At the national level, Germany has 3 million Muslim people per the case study. Abdul Hadi is one of the 3 million Muslims and he went through a surgery. His nurse Anna is not a Muslim and she is not familiar with Abdul Hadi’s culture. The issue here is there is the cultural difference at play at the individual level. Anna knows her job well, but she does not know much about the Islamic faith. It is not really Anna’s fault since the nation or region does not have that many Muslims, Anna might not have to care for a Muslim patient before. So she never got an opportunity to work on the cultural difference she had with an individual who follows the Islamic faith. Anna will have to develop cultural intelligence to understand Abdul Hadi, to understand his faith better. Then she will be able to serve him better.

 For each of the five behaviors and needs outlined, find a strategy, or strategies, to resolve the issues.  Utilize the basics of developing and practicing cultural strategic thinking within the Unit 2 reading.

            Let us outline the five behaviors then we will find strategies to resolve the issues.  

Abdul Hadi needs to cleanse himself before prayers, but he seeks for help from a male nurse to cleanse or bathe him

Abdul Hadi cannot have alcohol or pork, not even with medications

Abdul Hadi has dietary restrictions and he cannot have anything from the cafeteria that has pork, gelatin or lard in them.

 Hadi gets visitors, and other patients who share the room with him feels disturbed by the noise Hadi’s visitors make.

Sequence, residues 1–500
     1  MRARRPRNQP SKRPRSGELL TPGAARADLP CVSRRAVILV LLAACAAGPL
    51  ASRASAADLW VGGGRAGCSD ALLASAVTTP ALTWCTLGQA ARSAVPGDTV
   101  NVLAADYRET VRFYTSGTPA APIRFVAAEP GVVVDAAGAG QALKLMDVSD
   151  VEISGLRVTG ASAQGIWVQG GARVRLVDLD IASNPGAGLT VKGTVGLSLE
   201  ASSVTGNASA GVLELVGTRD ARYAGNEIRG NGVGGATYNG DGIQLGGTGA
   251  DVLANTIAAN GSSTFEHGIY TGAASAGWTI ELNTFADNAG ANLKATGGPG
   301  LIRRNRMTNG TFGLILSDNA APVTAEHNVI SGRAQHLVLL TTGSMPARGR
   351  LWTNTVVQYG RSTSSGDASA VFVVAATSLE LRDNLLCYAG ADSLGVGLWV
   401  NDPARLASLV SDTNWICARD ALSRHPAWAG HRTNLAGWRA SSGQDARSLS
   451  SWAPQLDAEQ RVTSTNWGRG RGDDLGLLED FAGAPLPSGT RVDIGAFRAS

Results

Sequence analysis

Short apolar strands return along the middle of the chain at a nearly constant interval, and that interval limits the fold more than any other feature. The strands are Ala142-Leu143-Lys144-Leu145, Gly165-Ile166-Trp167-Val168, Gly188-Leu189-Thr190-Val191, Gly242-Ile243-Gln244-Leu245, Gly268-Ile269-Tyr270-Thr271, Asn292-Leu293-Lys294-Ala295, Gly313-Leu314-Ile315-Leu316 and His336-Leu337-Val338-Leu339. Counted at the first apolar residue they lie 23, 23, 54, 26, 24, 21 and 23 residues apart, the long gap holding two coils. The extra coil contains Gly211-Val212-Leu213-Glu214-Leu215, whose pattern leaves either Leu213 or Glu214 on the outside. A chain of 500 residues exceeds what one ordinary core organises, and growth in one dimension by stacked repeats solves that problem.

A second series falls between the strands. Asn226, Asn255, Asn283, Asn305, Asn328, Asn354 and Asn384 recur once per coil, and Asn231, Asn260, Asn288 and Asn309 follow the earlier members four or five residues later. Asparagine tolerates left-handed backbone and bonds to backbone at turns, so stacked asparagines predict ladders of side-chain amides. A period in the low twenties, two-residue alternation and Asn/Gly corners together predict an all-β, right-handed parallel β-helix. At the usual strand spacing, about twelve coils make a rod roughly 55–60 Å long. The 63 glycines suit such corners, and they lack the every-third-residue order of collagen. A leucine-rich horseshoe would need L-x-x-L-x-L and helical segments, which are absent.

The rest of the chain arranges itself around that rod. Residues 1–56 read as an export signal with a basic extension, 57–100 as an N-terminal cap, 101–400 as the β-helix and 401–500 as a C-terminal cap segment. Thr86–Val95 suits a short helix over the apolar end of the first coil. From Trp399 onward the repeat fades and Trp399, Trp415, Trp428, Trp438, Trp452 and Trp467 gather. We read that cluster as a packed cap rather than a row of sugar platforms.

Hadi has to pray at specific times, and Anna needs to help to get up and pray, but those specific times Anna is usually assisting other patients.

             Since Anna is taking care of Abdul Hadi whose faith is not known to Anna, she needs to learn and understand why Hadi needs a man to help him cleanse, or when is the time for his prayers. And what items in the cafeteria does not have pork, gelatin or lard in them so Hadi does not have a problem. Peer learning can help her in this situation. Someone who has experience of caring for a Muslim man can be of great help to her.  Or she can try to find a mentor who can guide her on this.

            Gaining cultural knowledge would be helpful too. Hadi has a big family who visits him often. Anna needs to understand the reason. She can understand and empathize with them and politely tell the visitors not to make noise and make them aware that the other patients are getting disturbed.

            Staying positive is also very critical for Anna, as Hadi might appear to be needy or demanding. Anna should not get stressed and understand that once she understands the needs she will gain control over it.

            Being an observer is also required when Anna has an opportunity. She might be busy with work. But, observing Hadi’s family she can learn their culture and may be interacting with them she can find out their dietary preferences, so she would know what to get Hadi, that does not have pork or alcohol.

            Active listening is another strategy that will help Anna. She can understand what Hadi wants to eat or does not want to eat. And when he has to pray, or when to find a male nurse to assist him to cleanse.

 Determine how the hospital can increase their cultural strategic thinking to ensure patients are addressed with care and compassion regardless of their individual culture and beliefs.

            First of all the hospital can spread awareness. Help the nurses and doctors understand the differences people from different cultural background or faith have.

Hiring one mentor who can spread cultural knowledge can really help the hospital staff, in this case specifically the nurses.